The World in Recession

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By Parag Khanna

The global financial crisis and economic slowdown proves that there is no such thing as foreign policy anymore, only global policy. Everything is everyone's problem. America no longer defines the global agenda, and our task is to identify which issues should be on the radar and what innovative mechanisms can be deployed to solve them.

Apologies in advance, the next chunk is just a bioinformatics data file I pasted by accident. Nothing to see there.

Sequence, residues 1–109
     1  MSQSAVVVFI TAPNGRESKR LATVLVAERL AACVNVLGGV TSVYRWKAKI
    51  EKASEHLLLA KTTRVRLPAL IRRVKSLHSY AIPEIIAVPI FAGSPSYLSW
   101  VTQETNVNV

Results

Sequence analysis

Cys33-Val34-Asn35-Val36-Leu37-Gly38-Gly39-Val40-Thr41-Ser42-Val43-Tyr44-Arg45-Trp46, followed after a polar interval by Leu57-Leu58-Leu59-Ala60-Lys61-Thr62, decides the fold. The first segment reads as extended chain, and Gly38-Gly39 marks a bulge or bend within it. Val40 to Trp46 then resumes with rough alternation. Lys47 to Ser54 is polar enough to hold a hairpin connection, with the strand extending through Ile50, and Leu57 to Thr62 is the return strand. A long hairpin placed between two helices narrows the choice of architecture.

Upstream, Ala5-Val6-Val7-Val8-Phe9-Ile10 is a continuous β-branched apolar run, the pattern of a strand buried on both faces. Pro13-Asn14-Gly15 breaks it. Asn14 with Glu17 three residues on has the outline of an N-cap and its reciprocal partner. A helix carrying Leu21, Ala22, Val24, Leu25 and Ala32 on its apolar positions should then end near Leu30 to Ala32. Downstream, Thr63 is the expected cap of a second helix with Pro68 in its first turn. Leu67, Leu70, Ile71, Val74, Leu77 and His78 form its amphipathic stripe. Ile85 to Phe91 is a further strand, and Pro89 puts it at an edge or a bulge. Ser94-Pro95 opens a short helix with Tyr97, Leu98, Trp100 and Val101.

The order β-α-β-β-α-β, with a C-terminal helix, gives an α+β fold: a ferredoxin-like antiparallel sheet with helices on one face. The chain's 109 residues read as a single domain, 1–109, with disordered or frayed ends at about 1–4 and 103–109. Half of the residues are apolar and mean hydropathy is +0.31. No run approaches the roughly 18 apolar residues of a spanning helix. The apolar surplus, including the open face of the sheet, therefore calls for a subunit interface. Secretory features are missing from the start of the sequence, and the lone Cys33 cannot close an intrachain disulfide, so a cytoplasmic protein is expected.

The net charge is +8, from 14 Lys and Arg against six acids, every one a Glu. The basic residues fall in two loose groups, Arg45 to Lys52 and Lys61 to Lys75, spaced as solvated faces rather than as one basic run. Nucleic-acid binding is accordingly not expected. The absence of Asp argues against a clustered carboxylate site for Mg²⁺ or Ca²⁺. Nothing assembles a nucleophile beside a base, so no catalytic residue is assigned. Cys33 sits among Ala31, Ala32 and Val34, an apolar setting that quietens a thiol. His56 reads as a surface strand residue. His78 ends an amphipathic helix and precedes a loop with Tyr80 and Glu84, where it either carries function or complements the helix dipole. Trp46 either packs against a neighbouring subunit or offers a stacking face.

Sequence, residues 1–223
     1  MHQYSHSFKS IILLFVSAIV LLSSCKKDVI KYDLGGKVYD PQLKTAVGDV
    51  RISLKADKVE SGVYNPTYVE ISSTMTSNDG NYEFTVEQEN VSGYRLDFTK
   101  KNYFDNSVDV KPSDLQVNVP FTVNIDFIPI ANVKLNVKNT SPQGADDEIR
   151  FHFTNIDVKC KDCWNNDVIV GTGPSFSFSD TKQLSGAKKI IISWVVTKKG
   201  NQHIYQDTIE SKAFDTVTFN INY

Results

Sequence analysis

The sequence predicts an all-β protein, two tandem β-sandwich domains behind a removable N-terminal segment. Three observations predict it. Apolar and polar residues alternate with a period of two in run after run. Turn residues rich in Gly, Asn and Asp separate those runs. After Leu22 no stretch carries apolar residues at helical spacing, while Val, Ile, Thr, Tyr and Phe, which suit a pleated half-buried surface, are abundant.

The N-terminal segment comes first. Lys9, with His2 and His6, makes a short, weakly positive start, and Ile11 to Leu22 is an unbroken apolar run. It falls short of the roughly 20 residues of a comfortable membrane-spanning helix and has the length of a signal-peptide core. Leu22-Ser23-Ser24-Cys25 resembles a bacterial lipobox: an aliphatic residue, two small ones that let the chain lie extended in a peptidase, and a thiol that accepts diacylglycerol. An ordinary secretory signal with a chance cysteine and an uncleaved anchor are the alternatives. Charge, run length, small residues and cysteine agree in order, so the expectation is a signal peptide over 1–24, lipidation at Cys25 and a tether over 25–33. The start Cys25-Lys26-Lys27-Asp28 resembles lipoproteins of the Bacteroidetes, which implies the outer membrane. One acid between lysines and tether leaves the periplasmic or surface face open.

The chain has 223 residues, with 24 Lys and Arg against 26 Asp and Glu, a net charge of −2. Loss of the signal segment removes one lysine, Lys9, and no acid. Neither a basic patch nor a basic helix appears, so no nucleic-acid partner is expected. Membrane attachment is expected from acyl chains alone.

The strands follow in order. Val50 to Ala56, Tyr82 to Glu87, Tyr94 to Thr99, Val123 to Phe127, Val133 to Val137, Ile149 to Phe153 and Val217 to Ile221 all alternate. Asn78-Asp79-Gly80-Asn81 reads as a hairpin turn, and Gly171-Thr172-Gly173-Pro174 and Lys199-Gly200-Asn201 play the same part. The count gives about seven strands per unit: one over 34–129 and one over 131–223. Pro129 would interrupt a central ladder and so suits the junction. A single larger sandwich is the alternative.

First of all, this complex global order cannot be captured through trite phrases like "East replaces the West," "Pacific replaces the Atlantic," "China displaces America," and other clichés. All of these powers and zones will be dynamically interactive. To understand geopolitical patterns we should think in terms of planets (the great powers), comets (the lesser powers), and constellations (regional and multilateral institutions), but also not neglect the cosmic dust (terrorists, pandemics, financial panics) which can cause serious atmospheric disturbances. Each problem we face has repercussions throughout the system, and requires unique but systemic responses. Cognitive inertia leads many of us to believe that Obama's America can restore the country's leadership role, but America's diminished stature is structural, not personality-driven. Our solar system no longer has a sun. The most systemic of challenges remains the global financial crisis. With most Western economies in recession, America's debt-exploding fiscal stimulus and the G-20s collective commitment to boost global credit availability through the IMF are meant as an antidote to America's recent draining of global liquidity. Moving forward, the Chinese Central Bank, which now holds approximately $2 trillion in foreign exchange reserves, has spoken out through its governor that the world must switch to a basket-oriented reserve currency of dollars, Euro, yen, and Sterling. This should be taken very seriously, not only for the health of those holding depreciating dollars, but also so that dozens of emerging markets will have expanded access to IMF credit lines in the future without the risk of mature markets siphoning off liquidity. If the financial crisis hints at a new world order emerging, then it is important to think about who has first-mover advantage. At present, it is widely projected that Asian demand will recover more quickly than the U.S. or Euro-zone. China's massive stimulus package of almost $600 billion (and much more in PPP terms) should not only insulate China from domestic upheaval, but since the Asian financial crisis a decade ago, it has so intimately networked itself with the region's economies such that it could buttress the recoveries of Korea and Southeast Asian nations as well. Once staunch American allies like Australia have been cushioned precisely because of China's massive demand for its natural gas and iron ore. We can well imagine the Asian monetary system and development banks accelerate their deepening regionalism in the aftermath of this crisis as well. An "Asia for Asians" is emerging both out of mistrust in the West but also confidence in their own solutions. The financial crisis has most definitely underscored and accelerated the global strategic shift towards a geopolitical marketplace. China can more confidently pursue its mix of neo-mercantilist trade and investment policies in Central Asia and Africa, while oil and commodities exporters will welcome continued demand from China and India as Western consumers scale back. This will surely translate into growing Chinese leverage over the situations from the Korean peninsula to Russian power-plays for energy security to Iran. Diplomatic resolutions continue to declare that a nuclear Iran is unacceptable to the West, yet Iran is not becoming any less nuclear. Chinese and Russian investments into Iran continue despite calls for more broad-based sanctions, and Obama's potential outreach to Iran might only validate the engagement strategy in which Europe and China already lead. We can expect that in the coming year this alternative strategy of opening to Iran in the hopes of undermining the regime from within will gain steam-even if the hardliners take the June elections in Tehran. Iraq is part of the reason this will be necessary, particularly for America. Does the U.S. want no transparency into Iran's plans for Iraq, even as American forces accelerate their withdrawal? A key emerging element is the Saudi card: warning Iran that if its meddling in Iraq accelerates proportionate to America's drawdown, Iran will find a more aggressive Sunni adversary stepping up to contain it. Indeed, even the Bush administration's recent overtures to Iran promising recognition of its greater regional role rankles Saudis and other Arabs who already feel threatened by Iran's build-up of influence from Lebanon and through the Persian Gulf. Containing Iran in Iraq is a crucial lever to ensure that Iran doesn't automatically view itself as having the advantage of time on its side in the nuclear negotiations. But rather than leap from crisis to crisis, the only region that lacks a security institution ought to gain one as soon as possible. Whether based on the OSCE or Asian Six-Party Framework, it will require that the key regional players, namely Saudi Arabia, Iran, Iraq, Israel, and Egypt, other Gulf and Levantine states, and also the U.S., EU, Russia, India and China form a standing organization to bring mutual transparency to their activities. If they do not build trust directly with each other, the region will become increasingly prone to Cold War-esque proxy skirmishes in the Straits of Hormuz, Gulf of Oman, or Arabian Sea. Both Bahrain and Qatar have expressed support for such a body, and it should be a global priority to convene its first meeting this year. Its agenda must go beyond regional nuclear concerns to include Palestine and Iraq's rehabilitation as well. On Iran's other border, in Afghanistan, the opportunities to engage Iran are better, though indeed very complicated. NATO countries have confirmed the current negotiations with Iran over transit routes from the Chabahar Port to Melak to reach the Indian-built Zaranj-Dilaram highway, which connects to Kandahar, NATO's headquarters for the anti-Taliban offensives planned for this Spring. In exchange for facilitating this access, Iran and India might want the U.S. to back off on blocking the Iran-Pakistan-India gas pipeline, which all parties are keen to implement within the next several years. So the arc of crisis stretching from Iraq to Pakistan also contains numerous opportunities, but taking advantage of them will require many micro-bargains and trade-offs between Western, Eastern, and the rising powers. It remains a major debate today whether Russia's return is a tremor or an earthquake. As Russia acknowledges the Obama administration's new tone on thorny issues such as missile defense, Russia's actions last year-from gas cut-offs to Ukraine to the invasion of Georgia-have prompted an accelerated European dialogue on energy security. But establishing a common gas market and pursuing new pipelines from North Africa is not enough. Russia itself must be the focus of sustained European pressure on a vast array of fronts: its banking system is in disarray and in need of European standardization, and as oil prices come down, its domestic investment has faltered and its dependence on Europe has grown. This kind of leverage must be exploited. The EU can still purchase-literally-Russian maturation towards a European future, a crucial step towards preventing the Sino-Russian block the Bush administration did more to advance than splinter. Such a move has enormous implications for European energy security, as it would ensure a more predictable supply of oil and gas from Kazakhstan and via Ukraine, with less Russian interference in new pipeline options via Turkey and the Balkans. New pipeline channels will become the pulsating veins which elevate these swing states into more stable partners. All of these maneuverings form the backdrop for a variety of new multilateral processes such as the G20. If 2009 does not yield significant gains in voice for second world powers in matters of financial regulation, trade negotiations, and climate change, the present diplomatic disarray will surely become even messier. This would be a great shame, as the main global issue of climate change does require the developed and developing countries to come together. In December 2009 the Copenhagen Climate Conference will take place. It represents both the first major environmental summit where energy security, climate change, development, and alternative energy will all be on the table, but also the last hope for a global breakthrough before the key players lose hope and go their separate ways. Success at Copenhagen will only come through diligent negotiation which reaches beyond governments and to the private sector innovators from Silicon Valley to Spain who can work to reduce the costs of solar and wind power for Asian societies. Neither the World Bank's Clean Development Mechanism nor emissions trading schemes are nearly sufficient to confront rising CO2 outputs and heavily polluting and inefficient energy consumption at the level of the masses. It will fall to public-private agreements between governments and technology firms to reach deeper into India, China, Indonesia and other emerging giants to make tangible headway. For all the caution being exercised by major powers with shaky foundations, the turbulence of global politics continues dangerously forward, more crisis management than strategic foresight. We cannot rely on the G20 alone to become the new diplomatic saviour, the end-all-be-all UN Security Council for the 21st century. Instead, ironically, we may see far more Bush-like "coalitions of the willing" forming around specific issues, competing to find solutions to deadlocks on global trade and reducing emissions. Despite the Bush analogy, this is healthy competition-we should not jump immediately to a new model of global governance without bold, persistent experimentation. The new world order will be populated by far more actors like NGOs and multi-national corporations than the UN or any one power can manage, as yet we have no formula for success. Link to article